Even managed to bring the Dubai Ports World in to this. Blah blah blah. And 9-11???? Bush??? WTF?!

Last edited by Vass; 02-22-2007 at 05:48 AM.
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post #7 of 234 (permalink) Old 03-02-2006, 01:40 PM
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Re: Dubai events are rich in prize money, richer in politics

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Originally Posted by Vass
UAE is not on of those countries.

It isn't? Why do you say so?



I agree that it all comes down to money, but, such is life........



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post #8 of 234 (permalink) Old 03-02-2006, 04:49 PM
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Re: Dubai events are rich in prize money, richer in politics

I love that Roger Federer is getting paid a shit load of money to play Dubai (while skipping Rotterdam), which he's been playing for years. For once, it's not just a top player like Andre Agassi who can be accused of following the green trail. And Safin doesn't mind the color of money, either. Also interesting is that Roddick doesn't play Dubai even though he would be guaranteed a huge payday, all of which flies in the face of his detractors' strange belief that Roddick is just another green-eyed American monster.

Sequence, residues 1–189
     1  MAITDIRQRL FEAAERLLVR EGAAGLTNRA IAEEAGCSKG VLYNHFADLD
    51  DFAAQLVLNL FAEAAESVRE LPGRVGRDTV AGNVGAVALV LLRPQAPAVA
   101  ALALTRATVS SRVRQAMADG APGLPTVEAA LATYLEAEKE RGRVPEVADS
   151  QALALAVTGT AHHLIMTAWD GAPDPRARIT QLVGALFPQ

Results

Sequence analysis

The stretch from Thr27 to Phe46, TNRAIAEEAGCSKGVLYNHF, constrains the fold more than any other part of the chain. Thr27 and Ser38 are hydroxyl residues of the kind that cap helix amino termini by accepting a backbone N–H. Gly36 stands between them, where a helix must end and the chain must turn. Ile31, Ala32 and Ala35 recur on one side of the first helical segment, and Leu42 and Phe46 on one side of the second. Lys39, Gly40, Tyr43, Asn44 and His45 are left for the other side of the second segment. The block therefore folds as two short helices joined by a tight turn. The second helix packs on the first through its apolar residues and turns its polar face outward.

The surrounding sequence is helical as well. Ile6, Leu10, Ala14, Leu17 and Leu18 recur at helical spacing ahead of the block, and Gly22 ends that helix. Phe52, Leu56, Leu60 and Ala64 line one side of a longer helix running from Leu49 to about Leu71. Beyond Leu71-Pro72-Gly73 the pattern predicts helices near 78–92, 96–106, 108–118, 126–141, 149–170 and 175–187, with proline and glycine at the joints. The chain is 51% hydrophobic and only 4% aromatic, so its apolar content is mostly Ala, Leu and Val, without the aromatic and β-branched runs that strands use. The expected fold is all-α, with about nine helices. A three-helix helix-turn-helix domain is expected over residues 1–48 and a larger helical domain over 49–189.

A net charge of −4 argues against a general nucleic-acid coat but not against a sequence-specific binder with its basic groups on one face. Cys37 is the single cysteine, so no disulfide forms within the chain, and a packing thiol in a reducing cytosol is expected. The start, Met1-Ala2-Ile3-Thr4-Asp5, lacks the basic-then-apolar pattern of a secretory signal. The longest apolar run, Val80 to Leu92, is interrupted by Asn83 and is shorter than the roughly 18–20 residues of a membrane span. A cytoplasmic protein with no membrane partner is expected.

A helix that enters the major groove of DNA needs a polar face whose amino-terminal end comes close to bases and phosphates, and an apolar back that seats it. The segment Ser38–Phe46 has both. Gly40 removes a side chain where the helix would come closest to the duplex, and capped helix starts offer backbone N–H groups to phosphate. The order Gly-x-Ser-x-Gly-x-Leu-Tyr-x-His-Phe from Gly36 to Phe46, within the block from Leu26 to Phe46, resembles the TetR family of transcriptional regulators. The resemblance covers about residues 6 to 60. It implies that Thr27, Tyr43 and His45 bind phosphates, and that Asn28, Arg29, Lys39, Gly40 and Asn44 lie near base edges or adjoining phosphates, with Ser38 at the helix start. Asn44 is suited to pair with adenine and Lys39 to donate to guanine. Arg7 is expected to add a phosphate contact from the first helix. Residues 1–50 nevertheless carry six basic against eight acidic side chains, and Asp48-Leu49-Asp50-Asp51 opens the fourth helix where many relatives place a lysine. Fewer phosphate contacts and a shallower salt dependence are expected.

Of course, getting paid well doesn't make anybody a bad guy.

Quote:
Federer Pockets Half Mil, Headlines at ATP Dubai

By Richard Vach, Tennis-X.com Senior Writer

No. 1 seed Roger Federer received more than an estimated half a million dollars just to show up for The Dubai Tennis Championships this coming week, approximately three times what he would earn for winning the event, and Dubai organizers see the Swiss as worth every penny of the appearance guarantee.

Organizers of Middle East events can afford to buy the best in professional tennis, as they're showing with their current effort to move the men's and women's Indian Wells event from the U.S. to the desert. Landing the Swiss this week, who is on the fast track to becoming the greatest player ever with what is seemingly a large guarantee sum, is nary a drop in the bucket for the oil-rich organizers.

Last week Dubai hosted a WTA event that, though not even a lauded "Tier I" stop, nevertheless offered $1 million in prize money. This paled in comparison to the under-the-table guarantees to attract five former No. 1s among the star-studded field in winner Justine Henin-Hardenne, runner-up Maria Sharapova, semifinalist Lindsay Davenport, and quarterfinalists Amelie Mauresmo and Martina Hingis.

Both Dubai and Doha businessmen aren't shy about -- when they're not busy building ski resorts inside malls or carting in sand to build giant man-made resort islands in the shape of palm trees, or even setting up ultra-modern sea-side hotels with makeshift tennis courts high above the city on helipads -- throwing wads of cash at players without hesitation.